Global microcaps are considered companies with market caps of up to US$1 billion.
To provide context for the Australian investor, think Kogan, Nearmap, Domain Holdings and Blackmores. These stocks are in the ASX200 and domestically are commonly classified as small-caps, not microcaps.
As an asset class, global microcaps offer some very attractive characteristics.
A perfect match with large cap exposures
According to the Credit Suisse, microcaps are the best performing segment of the equity market over the long run. Further, given the large universe of overlooked stocks, the potential for outperformance by an active manager is far greater than in larger stocks.
However, this enhanced return is often perceived to come with greater risk. The volatility of returns for the World Microcap Index, in isolation, is indeed slightly higher than the Large Cap Index. However, in a portfolio context, world microcaps have relatively low correlation to other assets.
The table below shows the correlation between various asset classes. Firstly, it is worth noting that the correlation between world Microcaps and world large caps is well less than one, at 0.92. The table also shows that the World Microcaps Index has a lower correlation to other asset classes than large caps. The only exception is global high yield.
These low correlations show that adding global microcaps can function to reduce a portfolio's systematic risk. Focusing on equities specifically, global microcaps can help lessen an equity portfolio's volatility and yet enhance returns.
Furthermore, global microcaps have their own distinct cycle that oscillates around larger stocks, fluctuating with the pace of economic growth. This cycle disparity enhances their diversification benefits when paired with large caps and other asset classes.
Global microcaps help you avoid the crowd
The US market has led global indices higher since the GFC. The MSCI World Index is now dominated by the country, accounting for 67.7 per cent.
The MSCI World Small-Cap Index is only slightly more diversified, with the US constituting 58.8 per cent. Magnifying this lack of diversity is the increased concentration of the US market, which is as extreme as it’s ever been in most investors' careers.
For those worried about this concentration risk, global microcaps offer a compelling alternative. The World Microcap Index has only a 25.6 per cent weighting to the US market. Spheria's actively managed global microcap fund, has an even lower weighting of only 20.3 per cent as we have identified better opportunities elsewhere.
Less reliance on the US market makes way for meaningful allocations to highly innovative countries such as the UK, Germany, Japan, Sweden, Norway, Finland, Switzerland and Israel.
Furthermore, the US outperformance of other global markets (fuelled by the rise of passive funds) has stretched the earnings multiples for US large caps and investors are paying a significant amount to the rest of the world and smaller peers.
High quality microcap companies can provide significant discounts on valuation multiples, without a trade-off in quality. This is because the global microcap universe is so vast and the companies so poorly covered, astute investors does not need to compromise when selecting microcap exposures.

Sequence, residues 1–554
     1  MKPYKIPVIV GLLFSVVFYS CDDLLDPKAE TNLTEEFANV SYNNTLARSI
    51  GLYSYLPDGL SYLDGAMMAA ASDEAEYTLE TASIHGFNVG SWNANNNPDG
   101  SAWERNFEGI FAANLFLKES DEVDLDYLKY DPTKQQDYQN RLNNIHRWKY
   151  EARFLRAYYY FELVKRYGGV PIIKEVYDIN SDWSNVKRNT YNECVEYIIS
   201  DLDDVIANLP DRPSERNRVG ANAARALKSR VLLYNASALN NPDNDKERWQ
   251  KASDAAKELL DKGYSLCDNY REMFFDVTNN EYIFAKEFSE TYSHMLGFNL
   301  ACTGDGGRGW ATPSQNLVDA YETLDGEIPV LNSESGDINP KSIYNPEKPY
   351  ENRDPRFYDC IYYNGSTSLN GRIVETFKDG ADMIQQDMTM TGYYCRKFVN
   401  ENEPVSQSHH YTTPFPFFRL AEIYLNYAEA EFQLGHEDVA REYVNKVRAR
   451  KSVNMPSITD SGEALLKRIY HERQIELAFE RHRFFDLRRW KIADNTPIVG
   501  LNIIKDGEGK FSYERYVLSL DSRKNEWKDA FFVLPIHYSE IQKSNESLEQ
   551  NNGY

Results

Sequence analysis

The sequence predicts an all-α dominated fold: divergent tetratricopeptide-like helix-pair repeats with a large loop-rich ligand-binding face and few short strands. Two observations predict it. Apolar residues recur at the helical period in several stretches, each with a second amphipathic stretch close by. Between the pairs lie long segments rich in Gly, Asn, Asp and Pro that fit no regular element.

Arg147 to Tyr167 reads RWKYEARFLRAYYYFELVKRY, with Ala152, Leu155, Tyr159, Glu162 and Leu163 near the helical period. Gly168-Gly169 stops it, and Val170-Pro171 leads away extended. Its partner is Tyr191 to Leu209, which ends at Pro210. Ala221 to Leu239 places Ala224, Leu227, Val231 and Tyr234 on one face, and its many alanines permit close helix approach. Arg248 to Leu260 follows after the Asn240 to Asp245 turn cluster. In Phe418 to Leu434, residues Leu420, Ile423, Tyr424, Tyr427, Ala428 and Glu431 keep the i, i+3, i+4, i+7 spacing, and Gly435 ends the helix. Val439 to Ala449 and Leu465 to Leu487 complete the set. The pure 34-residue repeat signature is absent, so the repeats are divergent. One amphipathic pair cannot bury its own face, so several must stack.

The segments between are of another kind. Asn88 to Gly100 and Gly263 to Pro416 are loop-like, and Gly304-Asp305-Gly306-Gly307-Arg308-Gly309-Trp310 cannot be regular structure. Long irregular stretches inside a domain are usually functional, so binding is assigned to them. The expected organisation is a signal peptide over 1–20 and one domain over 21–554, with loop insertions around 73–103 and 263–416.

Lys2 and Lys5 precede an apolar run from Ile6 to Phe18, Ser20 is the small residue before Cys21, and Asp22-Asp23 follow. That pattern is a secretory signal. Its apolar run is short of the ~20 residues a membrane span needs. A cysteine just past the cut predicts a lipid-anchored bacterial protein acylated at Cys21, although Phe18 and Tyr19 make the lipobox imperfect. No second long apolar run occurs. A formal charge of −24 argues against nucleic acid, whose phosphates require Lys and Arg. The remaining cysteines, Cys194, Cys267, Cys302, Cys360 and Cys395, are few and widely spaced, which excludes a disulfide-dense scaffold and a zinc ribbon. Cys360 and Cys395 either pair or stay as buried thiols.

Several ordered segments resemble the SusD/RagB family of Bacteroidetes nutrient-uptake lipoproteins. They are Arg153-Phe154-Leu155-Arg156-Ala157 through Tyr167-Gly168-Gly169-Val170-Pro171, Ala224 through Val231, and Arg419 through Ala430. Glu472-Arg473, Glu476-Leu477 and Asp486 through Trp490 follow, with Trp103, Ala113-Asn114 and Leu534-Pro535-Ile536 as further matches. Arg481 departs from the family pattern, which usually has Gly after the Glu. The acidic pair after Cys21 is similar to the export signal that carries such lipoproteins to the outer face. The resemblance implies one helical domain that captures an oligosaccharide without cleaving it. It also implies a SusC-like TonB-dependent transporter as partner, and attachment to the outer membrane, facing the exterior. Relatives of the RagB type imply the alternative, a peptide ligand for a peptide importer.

Recovery, without the downside
Global microcaps offer investors an unparalleled opportunity to invest in an economic or market recovery.
It’s an asset class that has led markets out of the dotcom crash, the GFC and COVID. But, what's most remarkable, is that throughout these crises, the World Microcap Index underperformed only marginally on the way down.
The asymmetry global microcaps experience around large market events provides investors a powerful asset allocation enhancement.
By adding global microcaps to an equity portfolio, returns can be enhanced by simply “riding it out”. This helps alleviate some of the burden investors may face in trying to time allocations to equities during such volatility.
Consider the dotcom bust in the early 2000s.
The World Microcap Index began in November 2007, but we can use the Russell 2000 in the US as a proxy for smaller companies. The chart below demonstrates that the Russell 2000 fell by less than the leading S&P 500 during the dotcom bust, and considerably less than the NASDAQ (-78 per cent).
Despite this outperformance on the way down, the Russell 2000 also led the rebound. The Russell 2000 had recouped any losses by November 2004. However, the S&P500 remained 23.9 per cent under water and the Nasdaq 59.7 per cent in the red.
The dotcom experience shows that microcaps are particularly appealing during a period of heightened market valuations since they typically trade at a discount to larger stocks. However, the drawback of microcaps can be a heightened sensitivity to economic shocks.
The GFC, and more recently, COVID-19 demonstrate similar microcap outperformance.
Uncovering the world’s best microcaps
The large global microcap universe provides significant opportunity for those who specialise in identifying robust microcap businesses.
When investing in global microcaps, we focus on capital preservation, with valuation discipline being a critical component in protecting capital. We believe a discounted cash flow framework is required when assessing microcaps, and investors are best served favouring growing and innovative businesses with strong cash flow conversion.
It is this investment discipline that could help bolster your investment portfolio, or even uncover the next big microcap success story.
Remember, many of today’s most successful listed companies were once microcaps.
Gino Rossi, portfolio manager, Spheria Asset Management